Ok. I don’t like to come off as critical or judgmental but this topic, I believe, deserves some second thought.
As one of the most powerful and richest women in the world Oprah’s statement that she has no regrets having children does raise a few concerns, at least for me and for my daughter’s generation who will grow up emulating her success.
The reason why I have some concerns is that I too never wanted children. In fact, Oprah and I are probably similar in that regard. If a friend of mine spoke to me about marriage and family I would desperately try to wake them up out of their fog and shake my head in disbelief telling them that Life has so much more to offer.
But, Life taught me a lesson. (As usual)
My husband and I speak about this a lot and in fact, there have been many heated discussions over this topic because this once high powered, a type, cut throat, no excuses woman has done a 180-degree swap. And giving up the knowledge and growth I have achieved as a mom, especially a stay at home mom, is just well, impossible!
Should I have pursued my career first, my husband says no. And even though every woman gets to a point where the monotony of motherhood drives you completely insane, I think I made the best decision; for me.
Believe me, I understand the fear of curbing your career when it’s just taking off — I felt it myself — waiting until you’re 35 to try for a baby, on the other hand, remains a dangerous gamble.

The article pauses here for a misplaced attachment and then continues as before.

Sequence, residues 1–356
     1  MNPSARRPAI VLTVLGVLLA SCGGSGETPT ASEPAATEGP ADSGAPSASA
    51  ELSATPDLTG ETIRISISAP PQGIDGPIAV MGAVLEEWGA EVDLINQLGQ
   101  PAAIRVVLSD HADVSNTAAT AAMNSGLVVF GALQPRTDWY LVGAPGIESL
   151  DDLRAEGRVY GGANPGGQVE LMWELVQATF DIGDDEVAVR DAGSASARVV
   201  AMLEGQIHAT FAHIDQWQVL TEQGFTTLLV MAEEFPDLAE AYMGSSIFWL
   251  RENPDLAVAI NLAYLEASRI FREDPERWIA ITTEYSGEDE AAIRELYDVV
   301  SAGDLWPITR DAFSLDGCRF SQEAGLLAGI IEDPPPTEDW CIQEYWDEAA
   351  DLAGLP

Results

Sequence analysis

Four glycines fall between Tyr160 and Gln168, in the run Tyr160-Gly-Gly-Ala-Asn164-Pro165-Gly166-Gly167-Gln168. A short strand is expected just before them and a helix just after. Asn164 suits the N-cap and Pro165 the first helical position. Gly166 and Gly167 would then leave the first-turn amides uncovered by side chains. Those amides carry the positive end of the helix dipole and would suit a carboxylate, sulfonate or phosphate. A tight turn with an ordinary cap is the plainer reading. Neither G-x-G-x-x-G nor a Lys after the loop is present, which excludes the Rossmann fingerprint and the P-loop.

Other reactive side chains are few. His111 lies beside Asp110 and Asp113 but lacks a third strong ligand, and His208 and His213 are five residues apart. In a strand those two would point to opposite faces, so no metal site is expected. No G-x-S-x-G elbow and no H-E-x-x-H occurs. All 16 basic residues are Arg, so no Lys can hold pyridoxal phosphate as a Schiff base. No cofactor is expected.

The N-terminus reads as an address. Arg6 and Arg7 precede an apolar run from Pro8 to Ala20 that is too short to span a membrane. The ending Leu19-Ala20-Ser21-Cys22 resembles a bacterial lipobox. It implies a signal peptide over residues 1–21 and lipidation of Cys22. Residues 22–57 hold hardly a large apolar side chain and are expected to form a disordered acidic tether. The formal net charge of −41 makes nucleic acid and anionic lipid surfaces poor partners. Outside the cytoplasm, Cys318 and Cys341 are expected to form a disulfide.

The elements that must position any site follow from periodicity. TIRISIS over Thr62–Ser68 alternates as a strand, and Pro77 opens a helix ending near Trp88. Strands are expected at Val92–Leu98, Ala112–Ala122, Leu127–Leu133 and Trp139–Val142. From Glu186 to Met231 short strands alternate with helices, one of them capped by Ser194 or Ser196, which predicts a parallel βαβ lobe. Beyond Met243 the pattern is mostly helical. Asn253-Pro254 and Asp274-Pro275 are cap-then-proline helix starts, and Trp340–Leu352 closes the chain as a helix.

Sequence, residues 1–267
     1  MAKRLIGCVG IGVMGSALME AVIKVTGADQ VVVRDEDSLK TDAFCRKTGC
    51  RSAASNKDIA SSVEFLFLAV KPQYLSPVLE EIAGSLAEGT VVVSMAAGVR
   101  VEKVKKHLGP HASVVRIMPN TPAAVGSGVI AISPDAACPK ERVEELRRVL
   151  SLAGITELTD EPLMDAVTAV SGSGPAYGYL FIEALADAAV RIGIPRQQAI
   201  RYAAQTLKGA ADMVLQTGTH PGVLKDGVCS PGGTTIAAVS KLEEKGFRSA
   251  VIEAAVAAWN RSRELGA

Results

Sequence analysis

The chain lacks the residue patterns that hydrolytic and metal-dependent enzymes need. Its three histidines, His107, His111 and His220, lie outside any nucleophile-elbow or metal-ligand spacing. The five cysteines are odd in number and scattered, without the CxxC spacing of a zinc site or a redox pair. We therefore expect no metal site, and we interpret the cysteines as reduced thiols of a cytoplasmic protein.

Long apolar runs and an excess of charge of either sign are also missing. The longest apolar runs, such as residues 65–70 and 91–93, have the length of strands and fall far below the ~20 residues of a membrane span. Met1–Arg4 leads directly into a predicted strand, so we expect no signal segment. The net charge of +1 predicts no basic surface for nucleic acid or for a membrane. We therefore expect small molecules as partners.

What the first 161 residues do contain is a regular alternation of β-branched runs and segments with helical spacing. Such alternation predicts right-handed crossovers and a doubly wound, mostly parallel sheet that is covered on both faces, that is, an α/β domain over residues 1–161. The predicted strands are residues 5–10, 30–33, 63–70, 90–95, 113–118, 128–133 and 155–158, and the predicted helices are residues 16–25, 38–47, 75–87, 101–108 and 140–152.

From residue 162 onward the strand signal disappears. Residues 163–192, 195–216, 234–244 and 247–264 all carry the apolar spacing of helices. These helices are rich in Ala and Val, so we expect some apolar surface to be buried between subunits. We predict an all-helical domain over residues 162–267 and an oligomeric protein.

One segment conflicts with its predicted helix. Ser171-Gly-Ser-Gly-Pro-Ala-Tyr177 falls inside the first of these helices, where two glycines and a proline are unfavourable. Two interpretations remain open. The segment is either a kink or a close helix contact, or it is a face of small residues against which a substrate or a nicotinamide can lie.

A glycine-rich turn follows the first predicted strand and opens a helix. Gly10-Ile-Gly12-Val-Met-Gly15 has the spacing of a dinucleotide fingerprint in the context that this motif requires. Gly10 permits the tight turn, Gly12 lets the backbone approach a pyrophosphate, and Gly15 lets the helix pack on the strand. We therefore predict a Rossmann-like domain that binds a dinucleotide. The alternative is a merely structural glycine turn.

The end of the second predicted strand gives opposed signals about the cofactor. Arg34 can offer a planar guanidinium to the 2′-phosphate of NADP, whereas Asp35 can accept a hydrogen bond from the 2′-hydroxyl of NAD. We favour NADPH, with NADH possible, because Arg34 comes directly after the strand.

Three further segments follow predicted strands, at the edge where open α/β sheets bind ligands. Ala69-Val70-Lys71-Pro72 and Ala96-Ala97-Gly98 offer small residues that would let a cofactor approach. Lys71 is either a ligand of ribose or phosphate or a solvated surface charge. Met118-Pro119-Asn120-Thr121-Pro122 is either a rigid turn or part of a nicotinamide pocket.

Babies may well curtail your fun if you have them before your 30s, but clubbing and child rearing simply don’t compare in the long-term satisfaction stakes.
Don’t get me wrong there are, as always, pros and cons to each side.
Surprisingly, given how fundamental the question might seem to the perpetuation of the human species, the reasons for why some women want children and others don’t remains fuzzy.
Few scientists have actually studied women’s so-called biological drive to reproduce, so no universal explanation has emerged in the literature. Some attribute it to basic genetic variety; some women are into kids, some aren’t.
Satoshi Kanazawa, the controversial researcher based at the London School of Economics, looked at data from the United Kingdom’s National Child Development Study and found that all other factors in the study aside, a woman’s IQ correlated with her decision to have children.
He published his findings, which were not peer reviewed, in his book “The Intelligence Paradox.”